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be, at least in verbal terms, quite a disparate set of responses. Such disparity is to be expected because, as already mentioned in our discussion of polysemy (p. 7, ff.), precision of musical meaning does not equal precision of verbal meaning: words and music are not interchangeable and would not need to exist separately if they were. Nevertheless, it may be easier to determine common denominators of paramusical response if results are grouped musicogenically. Therefore, after accounting for blank responses, which may be significant as intersubjective evidence of musical polysemy, other responses need ideally to be discretised into their component semantic parts. For example, one respondent associating to your analysis piece in terms of serious young men, probably on the dole, wearing grunge clothes, being chased around an abandoned warehouse by a man in a suit, brandishing a chain saw has provided not one but thirteen paramusical associations to the music (serious, young, men, unemployment, grunge / grunge clothes, chase, abandoned, warehouse, man, suit, brandishing and chain saw), whereas another respondent offering boring eighties video in urban decay has only offered five (boring, 1980s, video, urban, decay). Since both respondents come from a similar background and since they are reacting to the same music, it is reasonable to regard abandoned warehouse and urban decay as part of the same paramusical semantic field. It would also be useful to know how many respondents associated to grunge or the eighties, how many mentioned some kind of social decay (e.g. unemployment) or violence (e.g. chase, brandish, chain saw). A useful second step in systematising responses is to divide them into three basic categories: [1] opinions, such as boring, great music, bad taste, etc; [2] intramusical associations, including musical works, styles and structural traits, as well as artists, composers, instruments, etc; [3] all other responses. Responses of type 2 are useful for interobjective comparison purposes (p. 35, ff.), while those of type 1, although of little direct relevance to the analysis of musical signification, may cast light on patterns of response at a later stage.54 Responses of type 3 all others will of course need further categorisation. Whether observing behaviour in response to music or dealing with verbal and visual associations to music, a basic response taxonomy can be quite useful (see p. 42, ff.). There are two main advantages in using intersubjective observation in music semiotics: (i) it allows you to state that a certain proportion of a certain body of people at a certain time under certain conditions in a certain sociocultural context responded in a certain way to certain music; (ii) it calls for no musicological expertise whatsoever. Intersubjective observation provides vital information on many aspects of the basic communication process (fig. 1, p. 9) in relation to a particular body of music, especially in terms of reception and response. It also allows you to posit viable hypotheses about the intended message, as well as about which structural elements within the channel may or may not be related to which responses to the music. This final aspect relating observations about musical reception to structural elements requires considerable familiarity on the analysts part with the musical object giving rise to all those intersubjectively shared patterns of response. It is in this context that an interobjective approach comes in handy in helping us discover how particular patterns of musical structuration relate to particular patterns of response.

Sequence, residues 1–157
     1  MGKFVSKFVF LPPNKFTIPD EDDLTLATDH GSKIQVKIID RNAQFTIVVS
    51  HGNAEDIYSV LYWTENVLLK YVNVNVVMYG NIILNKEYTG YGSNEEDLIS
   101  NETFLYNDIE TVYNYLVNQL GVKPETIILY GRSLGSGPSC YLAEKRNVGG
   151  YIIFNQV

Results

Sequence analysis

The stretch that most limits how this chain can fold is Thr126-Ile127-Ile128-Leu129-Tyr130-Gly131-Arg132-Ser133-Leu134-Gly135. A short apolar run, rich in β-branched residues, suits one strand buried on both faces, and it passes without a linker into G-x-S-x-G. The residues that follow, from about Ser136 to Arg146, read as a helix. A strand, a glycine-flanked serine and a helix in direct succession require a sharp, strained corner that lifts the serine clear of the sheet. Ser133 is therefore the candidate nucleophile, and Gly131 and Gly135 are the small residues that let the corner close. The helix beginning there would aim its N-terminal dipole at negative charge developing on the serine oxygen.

54. For example, if there is significant intersubjective agreement that a piece is boring and if the music in question also elicits a large number of blank responses, then those respondents may well be unfamiliar with the store of symbols operating in that music (codal incompetence) or opposed to the sociocultural norms encoded in the music (codal interference). Of course, codal incompetence or interference may be equally in operation at the transmitting end.